A David v Goliath battle will begin in the north-east of England on Tuesday as the mayor of the Tees Valley (population 700,000) faces off with the government of Thailand (population 69 million) over the future of the former Redcar steelworks.
Ben Houchen, the Tory mayor of the industrial Tees Valley, wants to force three Thai banks, including one owned by the Thai state, to sell him a crucial 352-hectare (870-acre) plot on the 1,820-hectare Redcar site.
More than 2,500 jobs were lost when the plant’s Thai-based owners, Sahaviriya Steel Industries (SSI UK), went bust in October 2015, ending Teesside’s 170-year history of steel and ironmaking. Houchen wants to decontaminate and redevelop the site into a low-CO2 manufacturing hub, creating 20,000 jobs in the next 20 years.
The site has stood rusting on the North Sea coast for more than four years amid squabbles over how much it is worth. An independent valuation estimated the contested 352 hectares at just under £20m, but the banks – which lent SSI £800m in the year before it went into liquidation – claim it is worth “tens of millions of pounds more”, according to Houchen.
It currently costs UK taxpayers £20m a year just to keep the mothballed site safe, by Houchen’s calculation. About 300 people still work there as engineers, technicians and security guards.
Demolishing and decontaminating the site would cost about £190m, said Houchen. He leads a new body, the South Tees Development Corporation (STDC), that wants to redevelop the whole site, which is – as Houchen likes to point out – “three times the size of Gibraltar, six times the size of the City of London and 1.5 times the footprint of Heathrow.”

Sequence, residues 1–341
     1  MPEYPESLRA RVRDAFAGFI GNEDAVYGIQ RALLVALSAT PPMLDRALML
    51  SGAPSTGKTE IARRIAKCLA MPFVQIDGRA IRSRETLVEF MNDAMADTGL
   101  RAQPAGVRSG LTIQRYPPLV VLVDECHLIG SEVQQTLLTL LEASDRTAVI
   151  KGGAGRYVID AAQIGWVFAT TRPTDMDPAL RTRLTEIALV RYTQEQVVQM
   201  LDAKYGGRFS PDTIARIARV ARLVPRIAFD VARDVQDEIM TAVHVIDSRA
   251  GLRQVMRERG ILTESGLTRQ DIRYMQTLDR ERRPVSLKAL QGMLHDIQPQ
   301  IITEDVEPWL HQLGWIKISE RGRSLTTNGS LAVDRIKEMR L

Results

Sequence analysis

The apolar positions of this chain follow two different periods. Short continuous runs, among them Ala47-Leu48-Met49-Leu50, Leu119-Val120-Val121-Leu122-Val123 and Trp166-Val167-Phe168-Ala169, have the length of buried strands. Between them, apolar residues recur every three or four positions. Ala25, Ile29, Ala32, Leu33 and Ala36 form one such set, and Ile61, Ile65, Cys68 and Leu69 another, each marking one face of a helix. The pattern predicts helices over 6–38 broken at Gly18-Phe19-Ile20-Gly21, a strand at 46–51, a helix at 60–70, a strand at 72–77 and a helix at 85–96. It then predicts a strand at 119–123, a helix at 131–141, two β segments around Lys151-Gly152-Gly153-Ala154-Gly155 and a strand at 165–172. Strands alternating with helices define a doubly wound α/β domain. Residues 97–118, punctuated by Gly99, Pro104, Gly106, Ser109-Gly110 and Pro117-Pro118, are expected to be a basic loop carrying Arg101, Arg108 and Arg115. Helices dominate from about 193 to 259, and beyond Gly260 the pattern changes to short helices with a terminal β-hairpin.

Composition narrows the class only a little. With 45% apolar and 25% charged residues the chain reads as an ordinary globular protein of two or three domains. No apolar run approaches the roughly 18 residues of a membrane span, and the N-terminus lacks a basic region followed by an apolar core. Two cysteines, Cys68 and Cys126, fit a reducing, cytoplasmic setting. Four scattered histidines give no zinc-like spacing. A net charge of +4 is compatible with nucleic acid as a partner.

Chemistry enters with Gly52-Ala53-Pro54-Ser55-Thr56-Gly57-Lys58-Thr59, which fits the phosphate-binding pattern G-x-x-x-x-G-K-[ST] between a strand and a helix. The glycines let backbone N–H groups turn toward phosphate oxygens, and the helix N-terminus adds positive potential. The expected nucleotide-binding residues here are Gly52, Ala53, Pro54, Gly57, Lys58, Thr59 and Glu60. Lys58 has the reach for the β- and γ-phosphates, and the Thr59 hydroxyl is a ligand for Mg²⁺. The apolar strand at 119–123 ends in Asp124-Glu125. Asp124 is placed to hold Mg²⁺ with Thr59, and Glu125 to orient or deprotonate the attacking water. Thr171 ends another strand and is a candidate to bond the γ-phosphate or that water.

STDC has already acquired 575 hectares of land on the site but a 12-day public inquiry begins on Tuesday to decide whether the government can grant the STDC a compulsory purchase order (CPO) on the SSI land.
Redcar voted in its first Conservative MP in December, and in January the government committed £71m to pay for the CPO and future decontamination work.
After his surprise election as mayor in May 2017, Houchen began negotiations to secure the former SSI land with the three banks in Thailand who hold a charge over the SSI UK’s assets – Tisco, the Siam Commercial Bank and the state-owned Krung Thai bank.
In May 2018 Houchen flew to Thailand to try to persuade the banks to sell up. He returned home with what he thought was an agreement, only for the Thai bankers, led by Krung Thai, to change their minds over what the site was worth and play what he calls “a load of silly games”.
He said: “It is an absolute travesty that the UK taxpayer has to pay a penny for any of this, all because there was a bad business deal done by SSI UK, which went bust, and three Thai banks who can’t get their money back.
“There absolutely needs to be a review of what mechanism is in place for large industrial complexes and businesses if a company goes bust.”
Houchen noted that Teesside was also home to the largest chemical works in western Europe. He said: “God forbid any of that goes bust because we will be in the same position.”
The banks all object to the CPO, saying “a gross lack of transparency exists due to STDC’s near total failure to publish its relevant meeting agendas, reports and minutes”. They also accuse the Tees Valley combined authority, led by Houchen, of hiding behind confidentiality clauses to avoid handing over “key documentation”.
Houchen said the Thai banks did not understand the importance of the site for Teesside, which produced steel for landmarks like the Sydney Harbour Bridge, Canary Wharf in London and the new World Trade Center in New York.
He said: “I met the Thai ambassador to the UK in London to impress on him the importance of it, and he seemed completely disengaged. He said he would follow up with me on a number of points and I never heard from him again.”